3.2 Tackling challenges

We suggest that the following actions are needed to improve our understanding of drought and flood occurrence and their interplay: (1) study droughts and floods in a joint framework, (2) study event co-occurrence at multiple sites, (3) investigate compounding drivers of extremes, (4) study compound events, and (5) analyze societal influences on extremes and vice versa. Here, we will tackle these in turn.

  1. Study droughts and floods in a joint framework: To understand temporal transitions between droughts and floods, the two phenomena must be studied in a joint framework, for example, using continuous instead of event-based simulations. Joint assessments will enable analyses of transition times between extremes and identification of how post-drought water management decisions influence future flood management (Di Baldassarre et al., 2017; He & Sheffield, 2020).
  2. Study the co-occurrence of hydrologic extremes at multiple sites: To improve our understanding of floods and droughts as regional phenomena, we need to assess spatial cross-correlations and analyze spatial extents/patterns of past extreme events, and assess the ability of models to capture these patterns. Measures for analyzing regional extremes include spatial extent, for example, the number or percentage of grid cells under extreme conditions (Rudd et al., 2019; Sheffield & Wood, 2008; Tallaksen & Stahl, 2014), the synchrony scale proposed by Berghuijs, Allen, Harrigan, and Kirchner (2019), which quantifies the area over which multiple catchments are jointly under extreme conditions; or the connectedness measure introduced by Brunner, Gilleland, et al. (2020), which allows for mapping pairs of catchments co-experiencing extreme events. Even though initially proposed for floods, these measures can be adapted to the drought context.
  3. Investigate compounding drivers of extremes: We can potentially advance our predictive skills for future extremes by better understanding the compounding drivers of extremes and their future changes. Previous studies have shown that increases in precipitation may not necessarily lead to increases in flood peaks (Wasko & Nathan, 2019) and we may therefore profit from learning more about the interplay between soil moisture, rainfall, evapotranspiration, and snowmelt (Berghuijs et al., 2016; Blöschl et al., 2015; Stein et al., 2019). Similarly, we may wish to focus on the role of storage in addition to precipitation and temperature when identifying suitable predictors of extremes and studying future streamflow drought development (Hao et al., 2018; Haslinger, Koffler, Schöner, & Laaha, 2014).
  4. Study compound events: Floods and droughts are influenced by a range of related factors including temperature, evapotranspiration, precipitation, snowmelt, and soil moisture (Sharma, Wasko, & Lettenmaier, 2018). There is a need to better understand how these compounding climate variables and initial conditions combine to produce extreme events and impacts. In addition, floods and droughts may co-occur together with other types of extremes, such as storm surges (Ganguli & Merz, 2019; Moftakhari, Salvadori, AghaKouchak, Sanders, & Matthew, 2017) and heatwaves (Sutanto, Vitolo, Di Napoli, D'Andrea, & Van Lanen, 2020) or together with unrelated events such as COVID or locust plagues (Salih, Baraibar, Mwangi, & Artan, 2020), which can amplify their impacts. We should therefore improve our understanding of the interplay between streamflow extremes and other variables within a compound event framework (Zscheischler et al., 2018).
  5. Analyze societal influences on extremes and vice versa: To increase our understanding of societal influences on extremes and of extremes on society, we need to understand feedbacks between society and hydrological extremes, for example, how flood protection measures change in response to flood occurrence or how water supply chains expand in response to drought (Di Baldassarre et al., 2019; Ward et al., 2020).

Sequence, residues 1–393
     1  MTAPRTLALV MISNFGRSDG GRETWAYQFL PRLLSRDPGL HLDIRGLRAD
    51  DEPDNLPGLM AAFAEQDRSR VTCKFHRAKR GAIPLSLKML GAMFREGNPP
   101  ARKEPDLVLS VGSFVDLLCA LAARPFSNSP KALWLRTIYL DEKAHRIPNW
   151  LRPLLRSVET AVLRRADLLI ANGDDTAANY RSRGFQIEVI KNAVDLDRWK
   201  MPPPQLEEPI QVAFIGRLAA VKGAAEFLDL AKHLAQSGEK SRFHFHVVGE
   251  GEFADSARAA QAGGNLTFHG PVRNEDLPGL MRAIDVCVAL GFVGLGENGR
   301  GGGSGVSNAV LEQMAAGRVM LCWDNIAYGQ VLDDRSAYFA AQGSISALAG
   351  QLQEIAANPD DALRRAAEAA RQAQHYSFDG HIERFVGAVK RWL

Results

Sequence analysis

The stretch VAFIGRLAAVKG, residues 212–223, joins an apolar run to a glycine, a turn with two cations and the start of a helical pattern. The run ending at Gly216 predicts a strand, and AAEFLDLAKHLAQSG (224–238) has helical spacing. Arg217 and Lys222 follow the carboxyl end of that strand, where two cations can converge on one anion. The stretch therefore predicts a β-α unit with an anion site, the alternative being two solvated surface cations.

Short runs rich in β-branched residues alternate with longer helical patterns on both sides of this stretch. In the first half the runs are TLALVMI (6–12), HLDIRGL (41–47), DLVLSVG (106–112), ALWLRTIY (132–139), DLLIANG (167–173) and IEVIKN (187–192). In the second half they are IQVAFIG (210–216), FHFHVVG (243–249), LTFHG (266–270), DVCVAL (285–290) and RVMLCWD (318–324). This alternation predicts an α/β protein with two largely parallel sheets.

4 MODELING AND PREDICTION

For flood and drought prediction, we use a range of modeling tools including parametric distributions for frequency analysis and extrapolation, stochastic simulations for generating long time series of rare events, hydrological models for simulating streamflow in ungauged catchments or for future climate conditions and to interpolate time series in the case of gaps, or hydraulic models for simulating flood extents.

4.1 Challenges

4.1.1 Frequency analysis

Local and regional hazard estimates can be derived using observed or simulated extremes from stochastic and hydrological models for current and future climate conditions in combination with appropriate parametric models (Genest & Favre, 2007; Meylan et al., 2012). Such parametric models usually have interpretable parameters, related to mean, variance, and shape, which is vital if we want to consider change scenarios. However, it can be challenging to identify suitable parametric distributions and fit their parameters using observed records of floods and droughts because of the usually limited sample size due to short records. Regional (i.e., multiple sites) and multivariate analyses (i.e., multiple flood or drought characteristics such as duration and peak) require multivariate distributions or copula models (Genest & Favre, 2007). It is challenging to identify distributions with dependence structures flexible enough to reflect dependencies in the actual data, a problem which becomes especially pronounced once we move beyond dimension two (Favre, Quessy, & Toupin, 2018). An additional challenge in the multivariate case arises from the definition of return periods which is no longer as straightforward as in the univariate case because one needs to decide whether to work with joint (OR or AND) or conditional probabilities (Brunner et al., 2016; Gräler et al., 2013) depending on the problem at hand (Serinaldi & Kilsby, 2013). For example, if both flood magnitude and volume were equally relevant for a design problem, such as reservoir construction, one would work with a joint return period. In contrast, one would use conditional probabilities if drought deficit became a problem only for droughts of longer duration. Additional challenges arise if the extreme of interest shows monotonic trends. Such trends should ideally be reflected in the distribution chosen for analysis (López & Francés, 2013) by using time-varying parameters. Furthermore, the distribution of flood/drought events at any given location in space and time often results from a combination of different generating mechanisms (Villarini, 2016) that may interact (i.e., amplify/mitigate one another) over different timescales. Mixing different flood or drought types (i.e., with different underlying mechanisms) breaches the homogeneity assumption, but is still often done in frequency analysis.